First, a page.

Faculty Lecture Series Features Danny Ledonne’s Film

Armando Montano
The Paw Print
Last week, on Feb. 15 ASC welcomed all interested for a showing of Danny Ledonne’s  film, “Adventures in Backpack Filmmaking”
The event was busy, as the majority of the spectators were highly anticipating the film and learning more of the insight in creating compact filmmaking. The audience was not disappointed as the film showcased San Luis Valley native, professional filmmaker, and ASC adjunct professor Danny Ledonne’s more recent work in “backpack films.”
Ledonne’s work showcased the often overwhelmingly successful creation of his “backpack films” which is done with a concentration of the effort in maintaining a small production team overall. From overall hauling the use of massive, weighty equipment and multiple film crew members, to reducing the production to few or one man film crews, use of only a single handheld HD camera, and having focus on natural environments, filming subjects and lighting, the end results can have a wide range of final products.
With the growth in availability in high quality cameras and digital technology allowing for even the most precise technological equipment to be more durable and damage resistant, backpack filmmaking allows for the visions of the remote and distant to be captured and utilized as only filmmakers and visionaries can.
Ledonne’s work showcased his journeys into remote areas of Alaska, Kenya, the Galapagos, and all around the continental US with visually striking and surprisingly emotional footage, with a mass adoration of the audience. This faculty lecture allowed for the audience to further grow in reaction, as the views and discussion concerning his own experience on film and afterwards in reflection were available to the audience through multiple questions got deeper into the experience than what has previously been seen in the lecture series.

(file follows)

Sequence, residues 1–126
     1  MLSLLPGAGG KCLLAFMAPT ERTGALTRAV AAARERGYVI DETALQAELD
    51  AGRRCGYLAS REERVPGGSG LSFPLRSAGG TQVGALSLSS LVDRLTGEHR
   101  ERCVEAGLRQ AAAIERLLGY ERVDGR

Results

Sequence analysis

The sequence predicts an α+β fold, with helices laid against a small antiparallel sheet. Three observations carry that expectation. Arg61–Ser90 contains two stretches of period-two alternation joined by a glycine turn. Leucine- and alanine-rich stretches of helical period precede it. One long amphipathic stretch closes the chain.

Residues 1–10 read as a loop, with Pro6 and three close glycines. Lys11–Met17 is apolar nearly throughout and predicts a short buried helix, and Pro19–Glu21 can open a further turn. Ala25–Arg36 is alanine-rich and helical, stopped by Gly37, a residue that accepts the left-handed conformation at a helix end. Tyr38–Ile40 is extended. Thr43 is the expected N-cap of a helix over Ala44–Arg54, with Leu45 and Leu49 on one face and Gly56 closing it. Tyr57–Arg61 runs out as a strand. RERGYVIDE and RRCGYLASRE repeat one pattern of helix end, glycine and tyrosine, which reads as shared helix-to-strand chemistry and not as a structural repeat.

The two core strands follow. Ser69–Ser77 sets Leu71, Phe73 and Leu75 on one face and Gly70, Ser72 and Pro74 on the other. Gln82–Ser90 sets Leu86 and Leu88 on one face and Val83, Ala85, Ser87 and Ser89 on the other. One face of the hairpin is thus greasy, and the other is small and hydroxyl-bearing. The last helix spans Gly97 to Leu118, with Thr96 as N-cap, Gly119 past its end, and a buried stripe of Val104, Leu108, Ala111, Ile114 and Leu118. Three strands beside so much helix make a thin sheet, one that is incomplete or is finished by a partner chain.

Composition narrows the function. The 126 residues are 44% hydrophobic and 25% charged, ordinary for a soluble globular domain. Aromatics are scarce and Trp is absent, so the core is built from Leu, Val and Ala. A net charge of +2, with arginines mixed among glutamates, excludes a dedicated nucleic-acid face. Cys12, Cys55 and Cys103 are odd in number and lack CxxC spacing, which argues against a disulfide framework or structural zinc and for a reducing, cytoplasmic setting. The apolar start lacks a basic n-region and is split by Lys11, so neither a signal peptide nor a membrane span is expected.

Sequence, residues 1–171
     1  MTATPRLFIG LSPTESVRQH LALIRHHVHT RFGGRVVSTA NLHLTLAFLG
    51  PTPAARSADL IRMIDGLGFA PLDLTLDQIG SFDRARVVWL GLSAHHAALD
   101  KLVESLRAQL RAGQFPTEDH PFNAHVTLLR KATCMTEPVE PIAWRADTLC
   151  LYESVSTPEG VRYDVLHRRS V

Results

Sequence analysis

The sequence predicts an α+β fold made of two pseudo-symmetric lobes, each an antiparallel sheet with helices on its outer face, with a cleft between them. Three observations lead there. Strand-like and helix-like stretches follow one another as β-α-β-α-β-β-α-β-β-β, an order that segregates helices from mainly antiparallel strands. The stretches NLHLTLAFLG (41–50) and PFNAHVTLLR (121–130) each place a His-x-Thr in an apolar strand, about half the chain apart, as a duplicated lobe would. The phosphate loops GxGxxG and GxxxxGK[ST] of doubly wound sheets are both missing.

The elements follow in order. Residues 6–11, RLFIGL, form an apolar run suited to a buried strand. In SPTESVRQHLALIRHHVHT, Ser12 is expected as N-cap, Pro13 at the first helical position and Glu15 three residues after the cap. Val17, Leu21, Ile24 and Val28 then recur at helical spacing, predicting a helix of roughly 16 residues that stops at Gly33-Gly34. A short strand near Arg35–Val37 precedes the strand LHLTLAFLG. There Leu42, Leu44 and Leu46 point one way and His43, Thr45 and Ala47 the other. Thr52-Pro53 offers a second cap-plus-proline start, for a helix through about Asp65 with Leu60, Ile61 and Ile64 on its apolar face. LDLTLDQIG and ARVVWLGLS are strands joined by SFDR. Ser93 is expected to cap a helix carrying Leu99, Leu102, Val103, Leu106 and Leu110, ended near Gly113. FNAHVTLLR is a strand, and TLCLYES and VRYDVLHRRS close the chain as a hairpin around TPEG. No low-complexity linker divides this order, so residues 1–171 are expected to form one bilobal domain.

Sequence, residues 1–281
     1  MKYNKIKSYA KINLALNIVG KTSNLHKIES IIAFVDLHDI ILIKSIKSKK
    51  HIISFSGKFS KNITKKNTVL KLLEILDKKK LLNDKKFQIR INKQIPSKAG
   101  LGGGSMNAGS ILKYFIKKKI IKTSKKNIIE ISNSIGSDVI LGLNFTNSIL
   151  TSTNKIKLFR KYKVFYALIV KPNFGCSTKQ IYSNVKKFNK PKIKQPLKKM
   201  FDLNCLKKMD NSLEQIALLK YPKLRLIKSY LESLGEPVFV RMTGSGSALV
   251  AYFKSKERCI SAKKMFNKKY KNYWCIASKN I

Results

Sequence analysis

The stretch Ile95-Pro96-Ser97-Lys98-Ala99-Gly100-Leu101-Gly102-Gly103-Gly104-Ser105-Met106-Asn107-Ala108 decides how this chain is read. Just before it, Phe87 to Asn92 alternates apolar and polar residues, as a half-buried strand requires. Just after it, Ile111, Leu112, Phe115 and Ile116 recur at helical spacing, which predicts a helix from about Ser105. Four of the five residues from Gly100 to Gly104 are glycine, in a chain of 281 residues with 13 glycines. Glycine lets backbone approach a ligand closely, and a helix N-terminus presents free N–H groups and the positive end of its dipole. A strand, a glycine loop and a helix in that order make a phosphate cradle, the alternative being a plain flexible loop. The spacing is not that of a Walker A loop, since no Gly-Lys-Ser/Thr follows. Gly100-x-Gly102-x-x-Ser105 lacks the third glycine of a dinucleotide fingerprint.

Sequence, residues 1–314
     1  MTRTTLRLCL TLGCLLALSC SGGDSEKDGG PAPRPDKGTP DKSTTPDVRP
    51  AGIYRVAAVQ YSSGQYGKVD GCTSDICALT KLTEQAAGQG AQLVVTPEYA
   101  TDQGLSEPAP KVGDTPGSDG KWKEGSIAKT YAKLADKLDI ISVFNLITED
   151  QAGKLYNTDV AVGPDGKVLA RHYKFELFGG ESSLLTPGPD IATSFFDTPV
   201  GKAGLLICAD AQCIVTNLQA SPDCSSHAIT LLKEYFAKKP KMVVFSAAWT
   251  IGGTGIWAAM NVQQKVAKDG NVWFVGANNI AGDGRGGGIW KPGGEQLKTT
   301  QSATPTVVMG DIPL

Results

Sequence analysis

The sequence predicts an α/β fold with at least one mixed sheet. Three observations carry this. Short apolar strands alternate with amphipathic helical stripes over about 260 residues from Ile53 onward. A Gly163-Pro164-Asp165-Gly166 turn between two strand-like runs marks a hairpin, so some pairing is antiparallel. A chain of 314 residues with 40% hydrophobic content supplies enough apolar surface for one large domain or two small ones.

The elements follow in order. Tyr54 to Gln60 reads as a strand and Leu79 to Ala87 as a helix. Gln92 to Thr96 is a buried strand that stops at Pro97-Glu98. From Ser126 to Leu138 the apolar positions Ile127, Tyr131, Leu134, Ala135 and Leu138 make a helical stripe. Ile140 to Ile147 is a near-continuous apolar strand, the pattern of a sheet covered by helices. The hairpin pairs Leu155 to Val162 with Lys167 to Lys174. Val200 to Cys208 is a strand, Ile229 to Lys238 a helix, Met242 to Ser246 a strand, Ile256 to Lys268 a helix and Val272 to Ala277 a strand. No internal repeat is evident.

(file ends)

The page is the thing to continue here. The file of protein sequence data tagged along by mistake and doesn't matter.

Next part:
While the tone of the evening was very informational and conveyed the same professionalism that other lectures in the past has, this particular event was highly emotional to the audience due to the film as well as the overall spirit of humanism the film inspired.
While the techniques discussed about backpack filmmaking were definitely not for amateurs, or for those developing their interest in filmmaking, the ability to film and formulate ones own set of films in a pragmatic capability is not limited to the venturing out to the remote areas of the world.
Certainly, the audience left with a confident sense of their own ability to create their own life film or the lingering question of what a backpack film of their own direction would look like.
The Adams State College Faculty Lecture Series  will continue on March 7 with Adjunct Professor of Biology and Earth Science Lyle Carbutt’s presentation, “Dinosaurs: Armed and Dangerous, Stegosaurs and Ankylosaurs” at 7 p.m. in Porter Hall room 130. Like all lectures,  the Faculty lecture series is free, light refreshments will be offered and is open to the public to attend. For further information on the Faculty Lecture Series, feel free to contact Dr. Kristi Duran, at klduran@adams.edu  or 719-587- 7767.

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